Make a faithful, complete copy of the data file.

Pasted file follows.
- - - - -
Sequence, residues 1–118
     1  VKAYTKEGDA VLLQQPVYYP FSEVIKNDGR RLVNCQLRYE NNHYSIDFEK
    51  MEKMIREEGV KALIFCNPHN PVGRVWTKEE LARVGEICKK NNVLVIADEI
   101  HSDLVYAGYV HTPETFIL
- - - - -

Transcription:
Sequence, residues 1–118
     1  VKAYTKEGDA VLLQQPVYYP FSEVIKNDGR RLVNCQLRYE NNHYSIDFEK
    51  MEKMIREEGV KALIFCNPHN PVGRVWTKEE LARVGEICKK NNVLVIADEI
   101  HSDLVYAGYV HTPETFIL